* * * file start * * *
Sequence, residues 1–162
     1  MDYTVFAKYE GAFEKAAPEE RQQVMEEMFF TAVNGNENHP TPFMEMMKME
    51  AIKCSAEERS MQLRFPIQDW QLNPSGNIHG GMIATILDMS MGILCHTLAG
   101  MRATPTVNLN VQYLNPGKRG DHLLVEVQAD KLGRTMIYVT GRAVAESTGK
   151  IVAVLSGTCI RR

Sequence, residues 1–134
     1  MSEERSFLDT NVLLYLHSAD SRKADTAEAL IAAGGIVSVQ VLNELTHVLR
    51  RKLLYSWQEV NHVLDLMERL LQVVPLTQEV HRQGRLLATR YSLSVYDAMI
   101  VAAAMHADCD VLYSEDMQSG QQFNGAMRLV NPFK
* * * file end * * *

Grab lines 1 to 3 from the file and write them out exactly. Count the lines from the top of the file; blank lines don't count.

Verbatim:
Sequence, residues 1–162
     1  MDYTVFAKYE GAFEKAAPEE RQQVMEEMFF TAVNGNENHP TPFMEMMKME
    51  AIKCSAEERS MQLRFPIQDW QLNPSGNIHG GMIATILDMS MGILCHTLAG